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DOT response to the ACLU regarding photo harassment | by erin m
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DOT response to the ACLU regarding photo harassment

This letter is in response to this one, sent three months ago from the ACLU to the U.S. Department of Transportation in response to a series of incidents in which DOT guards harassed photographers. The ACLU demanded that the DOT lawyers explain the guards' actions, and after several prodding reminders over the course of the summer, the lawyers finally replied with this letter.


The DOT response also included a 2004 letter from the Department of Homeland Security regarding photography and federal buildings. I've not seen this policy posted online before, but it's the most recent official guidance any federal security force has regarding photography. Anyone would do well to print it out and put it in their bag next to the Krages document. I've pasted it in the first comment below.


And it's unbelievably lame.


First, in response to the DOT's letter:


The guards were very clear in my interactions with them that there were no circumstances under which they would allow me to photograph the building. I'm a bit disturbed and annoyed that their response to the ACLU failed to directly address the systematic actions of the guards; they seemed to think my incident was unique, when we've established that it's a patten of harassment. (And they lose MAJOR points for their assumption that the complaining photographer is a man.)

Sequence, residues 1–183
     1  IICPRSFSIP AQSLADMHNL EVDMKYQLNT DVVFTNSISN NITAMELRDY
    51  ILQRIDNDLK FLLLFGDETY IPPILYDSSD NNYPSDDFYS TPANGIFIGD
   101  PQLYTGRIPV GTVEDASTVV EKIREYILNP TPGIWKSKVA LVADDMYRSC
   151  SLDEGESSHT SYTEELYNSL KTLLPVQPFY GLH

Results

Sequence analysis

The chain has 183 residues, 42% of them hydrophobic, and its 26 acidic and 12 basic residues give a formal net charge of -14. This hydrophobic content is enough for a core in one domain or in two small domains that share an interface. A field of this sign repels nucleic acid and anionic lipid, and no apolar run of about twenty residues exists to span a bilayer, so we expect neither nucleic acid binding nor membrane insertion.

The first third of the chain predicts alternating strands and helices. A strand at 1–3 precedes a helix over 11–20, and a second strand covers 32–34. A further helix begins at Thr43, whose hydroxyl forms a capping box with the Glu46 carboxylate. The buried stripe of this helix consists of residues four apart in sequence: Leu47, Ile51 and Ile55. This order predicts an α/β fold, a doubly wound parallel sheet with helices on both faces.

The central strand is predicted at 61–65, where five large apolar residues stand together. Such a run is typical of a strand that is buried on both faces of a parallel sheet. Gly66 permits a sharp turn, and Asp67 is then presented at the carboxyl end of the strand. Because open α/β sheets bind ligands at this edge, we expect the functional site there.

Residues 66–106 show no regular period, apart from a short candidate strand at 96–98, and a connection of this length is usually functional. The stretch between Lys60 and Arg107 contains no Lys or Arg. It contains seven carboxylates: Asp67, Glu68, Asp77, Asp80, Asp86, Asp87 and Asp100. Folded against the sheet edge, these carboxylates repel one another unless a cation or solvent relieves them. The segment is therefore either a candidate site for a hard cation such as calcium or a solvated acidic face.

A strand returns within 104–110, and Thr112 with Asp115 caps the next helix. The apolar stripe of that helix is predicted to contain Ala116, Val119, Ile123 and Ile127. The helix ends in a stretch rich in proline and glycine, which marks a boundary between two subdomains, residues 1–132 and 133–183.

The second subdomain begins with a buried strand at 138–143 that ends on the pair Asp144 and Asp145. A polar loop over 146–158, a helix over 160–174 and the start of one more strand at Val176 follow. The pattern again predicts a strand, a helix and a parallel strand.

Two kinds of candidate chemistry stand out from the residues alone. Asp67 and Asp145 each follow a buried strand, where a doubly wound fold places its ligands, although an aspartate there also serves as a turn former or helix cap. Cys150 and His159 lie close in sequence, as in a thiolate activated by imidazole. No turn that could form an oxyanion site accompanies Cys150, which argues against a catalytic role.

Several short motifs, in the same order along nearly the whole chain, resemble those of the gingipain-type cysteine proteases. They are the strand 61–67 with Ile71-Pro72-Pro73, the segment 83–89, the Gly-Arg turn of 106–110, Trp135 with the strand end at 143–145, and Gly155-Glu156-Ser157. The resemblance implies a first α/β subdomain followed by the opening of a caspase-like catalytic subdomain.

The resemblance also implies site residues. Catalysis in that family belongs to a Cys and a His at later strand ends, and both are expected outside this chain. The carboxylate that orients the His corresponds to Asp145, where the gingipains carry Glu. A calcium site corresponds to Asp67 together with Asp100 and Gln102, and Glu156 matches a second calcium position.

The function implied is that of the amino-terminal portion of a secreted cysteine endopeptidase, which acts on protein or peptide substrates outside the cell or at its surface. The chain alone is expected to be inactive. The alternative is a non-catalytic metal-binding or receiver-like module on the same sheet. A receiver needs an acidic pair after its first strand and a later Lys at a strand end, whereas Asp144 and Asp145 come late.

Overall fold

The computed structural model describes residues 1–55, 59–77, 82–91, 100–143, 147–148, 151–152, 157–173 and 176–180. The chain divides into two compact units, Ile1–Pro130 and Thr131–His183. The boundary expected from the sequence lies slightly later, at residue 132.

I'm asking other photographers to approach the area again to see if the response from the DOT guards is any different. It's my understanding from their response to the ACLU that no re-training is to be expected. It took three months for the DOT to respond at all, and I think it's pretty clear they don't take the harassment of photographers by their ill-trained guards all that seriously.


And as for the DHS security bulletin:


They claim that a "widely known reconnaissance activity of criminal and terrorist organizations has been to gather photographic information about prospective targets." Before my congressional testimony last year, I did a fair amount of research on recent major terrorist attacks around the world, and in NONE of them was there evidence that the terrorists had bothered with photographic reconnaissance. Why would they when such evidence is widely available via Google maps and other public sources online? It's a frustrating point that anti-photography officials have been arguing for years, despite there being little to no proof of its validity.


[to keep everything in one place, I'm putting all three pages in the same post. Feel free to flickr mail me if you want the full pages]


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Taken on August 31, 2009